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HONORS A HERO.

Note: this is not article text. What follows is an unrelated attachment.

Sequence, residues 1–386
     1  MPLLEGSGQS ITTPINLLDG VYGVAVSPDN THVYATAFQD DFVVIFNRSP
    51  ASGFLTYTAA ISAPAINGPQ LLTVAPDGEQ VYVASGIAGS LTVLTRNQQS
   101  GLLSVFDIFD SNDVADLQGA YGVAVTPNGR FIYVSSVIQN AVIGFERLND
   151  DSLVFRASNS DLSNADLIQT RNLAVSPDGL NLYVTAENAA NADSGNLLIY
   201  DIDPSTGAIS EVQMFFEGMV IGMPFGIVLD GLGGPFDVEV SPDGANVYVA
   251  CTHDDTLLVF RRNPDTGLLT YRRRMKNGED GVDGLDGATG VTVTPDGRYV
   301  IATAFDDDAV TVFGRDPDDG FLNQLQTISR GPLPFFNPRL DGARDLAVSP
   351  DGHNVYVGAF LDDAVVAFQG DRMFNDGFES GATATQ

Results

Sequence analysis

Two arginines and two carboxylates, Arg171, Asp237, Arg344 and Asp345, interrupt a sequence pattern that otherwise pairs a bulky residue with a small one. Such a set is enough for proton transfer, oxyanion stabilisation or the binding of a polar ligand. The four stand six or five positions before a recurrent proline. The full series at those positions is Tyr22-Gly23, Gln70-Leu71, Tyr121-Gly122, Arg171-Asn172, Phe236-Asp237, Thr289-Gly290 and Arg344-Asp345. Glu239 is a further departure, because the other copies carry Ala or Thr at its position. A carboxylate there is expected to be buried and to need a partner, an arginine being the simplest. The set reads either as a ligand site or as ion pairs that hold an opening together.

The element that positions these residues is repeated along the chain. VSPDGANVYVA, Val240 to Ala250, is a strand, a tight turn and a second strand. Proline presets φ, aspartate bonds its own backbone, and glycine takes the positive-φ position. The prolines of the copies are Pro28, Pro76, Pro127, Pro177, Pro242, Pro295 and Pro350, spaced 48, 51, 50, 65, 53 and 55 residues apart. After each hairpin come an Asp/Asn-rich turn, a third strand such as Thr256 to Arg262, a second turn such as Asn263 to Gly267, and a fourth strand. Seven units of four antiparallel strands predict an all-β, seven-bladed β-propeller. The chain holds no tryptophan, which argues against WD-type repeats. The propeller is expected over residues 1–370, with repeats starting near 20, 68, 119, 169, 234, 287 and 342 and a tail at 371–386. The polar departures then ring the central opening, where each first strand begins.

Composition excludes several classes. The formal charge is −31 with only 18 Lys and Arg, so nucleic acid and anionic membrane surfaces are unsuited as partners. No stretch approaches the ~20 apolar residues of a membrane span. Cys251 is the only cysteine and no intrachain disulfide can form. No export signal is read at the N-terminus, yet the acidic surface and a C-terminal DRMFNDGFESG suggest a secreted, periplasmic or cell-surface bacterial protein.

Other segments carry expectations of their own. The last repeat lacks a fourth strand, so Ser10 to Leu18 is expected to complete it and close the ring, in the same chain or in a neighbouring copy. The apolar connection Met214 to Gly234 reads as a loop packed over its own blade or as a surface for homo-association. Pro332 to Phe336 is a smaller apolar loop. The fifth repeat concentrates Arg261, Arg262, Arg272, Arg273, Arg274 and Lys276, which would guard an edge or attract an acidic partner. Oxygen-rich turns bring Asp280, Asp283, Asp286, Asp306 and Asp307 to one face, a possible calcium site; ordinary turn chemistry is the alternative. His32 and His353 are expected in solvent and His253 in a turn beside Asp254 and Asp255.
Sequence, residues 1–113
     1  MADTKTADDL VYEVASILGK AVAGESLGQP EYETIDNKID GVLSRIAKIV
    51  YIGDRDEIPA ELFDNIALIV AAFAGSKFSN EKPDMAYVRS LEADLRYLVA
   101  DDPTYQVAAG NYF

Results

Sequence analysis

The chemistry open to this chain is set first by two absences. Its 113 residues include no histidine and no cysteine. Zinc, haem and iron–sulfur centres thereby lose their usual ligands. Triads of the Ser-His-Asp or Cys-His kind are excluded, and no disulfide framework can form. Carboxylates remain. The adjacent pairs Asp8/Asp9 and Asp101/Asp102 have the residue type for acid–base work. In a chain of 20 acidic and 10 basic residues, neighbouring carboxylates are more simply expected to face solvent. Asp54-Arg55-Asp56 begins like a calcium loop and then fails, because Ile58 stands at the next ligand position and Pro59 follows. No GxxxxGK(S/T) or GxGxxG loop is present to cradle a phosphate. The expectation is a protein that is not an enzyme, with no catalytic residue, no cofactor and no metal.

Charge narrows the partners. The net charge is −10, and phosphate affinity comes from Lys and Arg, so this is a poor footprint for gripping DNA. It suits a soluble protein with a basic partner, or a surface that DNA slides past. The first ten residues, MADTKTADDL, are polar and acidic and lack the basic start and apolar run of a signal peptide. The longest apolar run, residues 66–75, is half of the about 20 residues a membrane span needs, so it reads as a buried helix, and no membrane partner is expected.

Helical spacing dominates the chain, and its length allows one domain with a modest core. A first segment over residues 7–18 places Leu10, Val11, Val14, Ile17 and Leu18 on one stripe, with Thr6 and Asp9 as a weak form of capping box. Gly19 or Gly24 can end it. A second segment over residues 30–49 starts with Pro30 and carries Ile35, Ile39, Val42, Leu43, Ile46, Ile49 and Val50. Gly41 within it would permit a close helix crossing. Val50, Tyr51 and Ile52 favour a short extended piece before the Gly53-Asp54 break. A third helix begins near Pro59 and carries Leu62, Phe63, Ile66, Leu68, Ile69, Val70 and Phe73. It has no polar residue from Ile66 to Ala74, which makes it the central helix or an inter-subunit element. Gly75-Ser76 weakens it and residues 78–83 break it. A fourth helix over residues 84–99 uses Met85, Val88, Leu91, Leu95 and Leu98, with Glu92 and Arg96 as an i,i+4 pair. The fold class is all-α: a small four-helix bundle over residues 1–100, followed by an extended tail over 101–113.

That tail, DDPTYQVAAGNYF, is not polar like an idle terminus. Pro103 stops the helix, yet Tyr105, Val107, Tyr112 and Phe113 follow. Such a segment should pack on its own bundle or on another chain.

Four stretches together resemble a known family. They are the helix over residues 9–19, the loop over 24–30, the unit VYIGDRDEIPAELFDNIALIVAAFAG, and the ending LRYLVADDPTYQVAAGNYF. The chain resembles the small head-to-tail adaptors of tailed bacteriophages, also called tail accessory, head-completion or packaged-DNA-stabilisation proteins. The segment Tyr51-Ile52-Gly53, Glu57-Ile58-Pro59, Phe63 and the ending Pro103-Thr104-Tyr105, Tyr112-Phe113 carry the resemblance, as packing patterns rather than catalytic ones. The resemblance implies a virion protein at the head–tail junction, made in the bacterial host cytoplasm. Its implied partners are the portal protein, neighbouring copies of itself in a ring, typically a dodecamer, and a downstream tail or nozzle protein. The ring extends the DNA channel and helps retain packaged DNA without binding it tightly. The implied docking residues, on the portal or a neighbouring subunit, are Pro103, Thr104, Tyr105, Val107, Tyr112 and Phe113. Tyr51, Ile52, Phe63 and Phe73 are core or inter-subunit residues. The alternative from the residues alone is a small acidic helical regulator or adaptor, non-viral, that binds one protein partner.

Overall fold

fennsTlvania'a Tribute to Hartranft, Soldier and Statesman. The statue of Gen. Hartranft, which stands in front of the cew Capitol Building, In Harrisburg, Pa was re cently unveiled with proper cere monies and a pa rade. Gen. Miles and members . of uie cuuinei were present This monument has been erected by the State of Pennsylvania at a GIN. HABTBANFT. cost Of $18,000. The sculptor has not modeled the hero on the field of battle leading his division in a charge or encourag ing his men during one of the many sanguinary struggles fougb Tritt Tarying success by the Arms, ef the Potomac The "hero of Fort Stead man" is represented returning to bis THE HABTBAKFT MOSÜMEKT. native town amid the plaudits of the populace, who strew the way with laurel and with palm. The gesture of the soldier proclaims that he is an swering the salutations of the public; th mntinn nf hi iTifl fnnt:lininff Ilia cap is arrested at the end of the sweep I that lifted It from his head. GREATEST BEAUTY OF PARIS. Leaves a Music Hall to Become the Bride of a Proud Rnaaian Prince. The most peted and admired staSe beauty In Paris, La Caval eri is now a j tpnucess. rur wuuiue pusi jrrim:e nai- i latinski, a young Russian of a famous family and of great wealth, has been wooing the pretty Parlsienne, and finally won her hand and heart After their marriage the couple went to Rome. Prince Bariatinski comes of a family that is now and has long been very prominent In Russia. The Bariatin- skis are now very rich and possess cas- ties, estates, mines and other proper ties throughout Russia. The Princess Bariatinski, who has hitherto been known by no other name than La Cavalieri, is a rare beauty. For a long time the Parisians have been raving over the beauty of this woman. As a singer she was not much of a success, but her remarkable beau- ty always attracted a large concourse to the hall where she appeared. Mo IO ng-Distance Wooer. Rudyard Kipling's maternal grand father was Rev. George E. Macdonald. It is related of him that In the days when he was courting the lady whom be afterward married the father-in-law-to-be an aged Methodist, with ex tremely strict notions in regard to the properties was injudicious enough on one occasion to enter the parlor without giving any warning of his approach. The consequence was that he found the sweethearts occupying a single chair. Deeply shocked by this spectacle, the old man solemnly said: "Mr. Macdon ald, when I was courting Mrs. Brown she sat on one side of the room and I on the other." Macdonald's reply was: "That's what I should have done if I had been courting Mrs. Brown." Quick Photography. ( A Sheridan (Mo.) photographer says he has discovered a process by means of which a proof of a photograph may be taken within a few moments after the sitting. What has become of the old-fashioned woman who laid aside the cakes and fruit 6he received at a party to take nomevto her children .' If a man leaves no debts to bis chil dren he leaves an inheritance that If eood enough. LA CAVALIERI. ! i FACTS ABOUT jjj THE PHILIPPINES, i I HE Philippines are essentially heterogenous. Some of the islands are mountainous, and others are flat; some are muddy, syampy, and feverish, others are porous limestone, well-drained and healthy; some are en tirely wooded, some are entirely bare. The inhabitants present like diverg ence. The Moros of the south are war like, active, intelligent, with a civiliza tion as advanced as Turkey's. The i Negritos are a diseased and dying pig I my tribe, absolutely animal in their ex ! istence, less advanced than any known people. The term "Filipino" embraces Manila rabble and secluded Islanders, ! mountaineers and seamen, priests and I the cannibals. It is necessary, there ; fore, to use only the broadest terms In I describing the group collectively. ! The archipelago is a group of 1,200 i Islands situated in the Pacific Ocean, i extending from latitude 21 degrees : north to 4 degrees 45 minutes north. ! Its length is thus about 1,000 miles; its ' greatest width is 640 miles; the total i land area, aproximately, 115,000 square j miles. The nearest mainland Is Asia, I 300 miles to the northeast. San Fran I cisco is 8,000 miles to the west The ' archipelago lies wholly within the line I of Capricorn and the equator. Its ! characteristics, food products, and peo- pie are tropical. ; The climate is hot and moist; regu ; lar observations have been taken only ' at Manila, where the temperature has I been found to vary betwin CO and 100 degrees. The excessive humidity 1 makes this degree more difficult to en : dure than in the temperate zones. As one progresses toward the swampy, low-lying islands farther south the heat- especially the humidity, In- There are two seasons, the wet and dry the former lasting from June to November being the most disagree able and dangerous to health. Fever a ad dysentery are the diseases most b fore5 but dangerou8 Iocalltíeg are known ana mfly nvnlded. The Philippines are the seat of na ture's passions. Earthquakes are com mon and violent; the volcanoes are the most dangerous in the world. Luzon Is the cradle of that terrible sea storm, the typhoon. Islands' External History. On Aug. 10, 1519, there started from Spain with a fleet of five ships Fer nando Magellan, a Portuguese navi gator. His object was to discover a passage from Europe, west to the Pa cific. Magellan had vainly endeav ored to Interest the King of Portugal In his project; had become a naturalized Spaniard, and had obtained from Charles I., of Spain the wherewithal to equip his fleet He reached the western coast of South America in December and turned south. As the season became harsher and. the weather colder the ships' commanders mutined, desirin to winter on shore. One was executed. another marooned. However, one ship did desert and another was wrecked. With three ships the great explorer con tinued south, and on Oct 28, 1520, passed through the Straits of Magel lan to the waters of the Pacific. He : now shaped his course west by north, and In midsummer, 1521, reached Min danao, of which he took possession In the name of the King of Spain. He I next landed at Cebu, in August 1521, ! and was welcomed by the king of the : Inland. This monarch was baptized and took the oath of allegiance to j Spain. Shortly after Magellan be ; came involved In a factional quarrel j between two native chieftains and was , killed. Many members of the expedi j tlon had died, but the remainder, with two ships, again sailed west and dis ! covered Palawan. Later one of the ; t"0 wa8 ost but the other plucklly : continued its way and made the first . complete journey around the world. In 1500, under the direction of Philip n., the second Spanish expedition reached the islands. The object was the saving of native souls; inquisition methods were employed, and conver sions, though not valuable, were nu merous. In 1571 Manila was seized and proclaimed the capital of the Islands, to be called henceforth the Islas Filipinos, In honor of King Philip. The Chinese Emperor resented the Intrusion into celestial domains. Be tween 1573 and 1575 he sent forth ten expeditions to oust the Spaniards. Severe battles followed, but the Euro : peana managed to keep their foothold. They never, however, forgave the Chi 1 nese these "attempts. At various tines fits of resentment against Chinese ; blood would sweep over the Spaniards ! and crusades were organized In order to kill or drive them out In 1603 23, 000 were murdered, and in 1C39 35,000. j In 1762 England took Manila from Spain, but peace was soon proclaimed, i and the islands were returned. i The natives have been apt to revolt , at any time. When they did so Spain ; used fire and sword liberally, not only i subdue, but to punish after surren jer- Besonrcea of the Islands. The resources of the islands are Taxied. Bice was Introduced fro in s: o í sr BORNEO China centuries ago. It has since be come the staple food of the natives on account of the ease with which it is produced. The quality is excellent At present all the rice produced is con sumed in the islands, but much good land is not cultivated. Sugar cane Is grown extensively throughout the archipelago. Of late years beet sugar has cut into the profits of this business, but with the removal of the various Spanish export taxes, with the supersedence of buffalo power by steam, and with the opening up of the back country by railroads, or at least highroads, the Philippine planta tions will reduce the present Have meyer prices. Abaca, or hemp, is grown widely. The gathering of abaca is an' operation necessitating considerable care and conscientiousness. The natives pos cess neither of these qualifications, and, employing primitive methods, ruin the finer fiber of the plant Observers say that machinery capable of preserv ing these delicate fibers is feasible. In that case abaca could be used for gar ments, napkins, sheets, and even hand kerchiefs. At present the hemp Is used chiefly for sails, doormats, and rope. The Philippines will probably retain a practical monoply of this crop; its cultivation has been attempt ed in many other places, but never suc cessfully except in the extreme north ern part of Borneo. Native tobacco has always been in digenous to, Luzon, but the quality is strong and bitter. Early in the seven teenth century missionaries introduced the Mexican plant with great success. Tobacco plantations multiplied; the business became more and more pros perous until in 17S1 it was made a state monopoly. Laws were enacted that all sales should be to the government A planter might not smoke a cigar of his own make under penalty of $7 fine. The government was not always prompt to pay for goods received; na tives refused to cultivate their land and fled to the mountains; soldiers fol lowed and killed whom they found; at night the natives returned again and fired the crops In the field. In this way MIndoro's once flourishing business has been annihilated. Spain now took an other step; not only must all tobacco raised be sold to the state buyers (on credit), but every family should own and care for at least 4,000 tobacco plants. The abuses resulting from this last statute became so horrible that even Spanish officials protested to the home government; the Cas till an statesmen, realizing the sponge waa squeezed .dry, repealed the monopoly sL?-.s C É Z JS M E 3 sississJr SEA COMPREHENSIVE MAP OF THE PHILIPPINE laws In 1882. Even under such aus pices the tobacco remained excellent Since the business has been open it has increased tremendously. Manila num bers scores of factories native, Chi nese, and Spanish; several of them have over 500 operatives. Coffee is grown to a considerable ex tent; the quality is unusually good. Little, however, finds its way out of the archipelago. The cocoa plant was Introduced from Central America early in the seventeenth century. Philippine chocolate is always spoken of well by returned travelers. Various minerals are found in paying quantities. Especially is this true of Luzon and Mindanao. Gold and sul phur will prove of value to prospec tors; silver, mercury, copper and tin have furnished returns, but the extent of the deposits is a matter of Investiga tion. On many Islands the ax has never been raised against the immense virgin forests; In few have Its depredations been extensive. Over a hundred differ ent varieties of wood have been classi fied. Among them we find teak; naga. resembling mahogany; tipolo, for mu sical instruments; lanitan, for guitars and violins; boxwood, ebony and bam boo. The Inhabitants. The inhabitants of these islands are a strangely mixed lot Malay charac teristics generally prevail throughout The many attempts to classify the peo ples Into various district tribes and races have failed, for the reason that pure blood of any sort is rare. It is safest to divide the native Fill pinos into Christianized Malays, pagan Malays, and Mohammedan Malays. The first named comprise five and a half millions of the total population of eight millions. They resemble our ne groes in many ways. They are music lovers, fond of the sunshine, supersti tious. Though usually good-natured, they are subject to fits of murderous passion. Nature, in the tropics is so Industrious that man need not assist her to any great extent In order to live comfortably. The Filipino will not work as long as he is not about to starve. When he has made enough to live on for a nsonth or two the ex-laborer re tires to his thatched hut smokes his cigarettes, fights his gamecock, strums his guitar, and sings love songs to his wife or sweetheart The natives of the northern islands are called Tagalos. They are the small est and least brave, but also most treacherous and tricky of the Filipinos, and always have been reckoned as the poorest fighters; have always been most completely under Spain's domina 0 CE A Nr ISLANDS. tion, and have suffered most accord ingly. The central group of islands Is term ed the Vlsaya group. The Inhabitants called Visayos are somewhat larger, stronger, more Independent than th Tagalos. The difference, however, It far less marked than between our dif ferent Indian tribes. Travelers, In or der to strengthen the force of theli distinctions and comparlosns, are apt to push them a little far. The sharply drawn distinction between the Taga los and the Visayoss is not justified. The Moros or Mohammedan Malayi aggregate less than a million. Thej inhabit the Sulu group at the south ot the archipelago, parts of Mindanao, and the southern third of Palawan. One Sultan, whose residence Is Sulu, is acknowledged throughout these isl ands. The Moros are a fierce, fanati cal, seafaring race, who were never conquered by Spain. It is unsafe for a white man to venture among them. To kill Christians is part of their re ligious belief. The aborigines of the Islands are the Negritos, a puny, miserable, dwarl race. As the Malays swept up through the archipelago the Negritos were driven into the most remote and uncov eted parts. Though not of true negro stock, they are much blacker than the Malays, and their inteligence Is fai' lower. The total number is estimated at 50,000. Island of Luzon. Luzon is the largest, most populous, most developed, and most civilized ol the Philippines. It has an area of 42, 000 square miles, or over one-third the whole area of the archipelago, about five-eighths of the whole population, the only railroad, and the only factor ies. It is the seat of the capital, and it contains fifty times as many foreign ers as all the rest of the islands put to gether. Luzon is supposed to support 5,000,000 inhabitants. Of these, 80 pet cent, are civilized to a certain extent In development Luzon, though the most advanced of the Philippines, is disgracefully backward. There is one little, badly managed railroad, 120 miles in length. The highroads, twen ty miles inland, are either lacking alto gether or are merely trails. There ar no fiat-bottomed steamers on the largei rivers, though they could do a thriving business. The sugar mills are operated by buffalo power. In consequence, par tially exhausted sugar land near Man ila, or other ports, brings over $100 an acre, while further back in the coun try land a third more fertile brings $30. A coincidence is the antiquated plea of the plagiarist.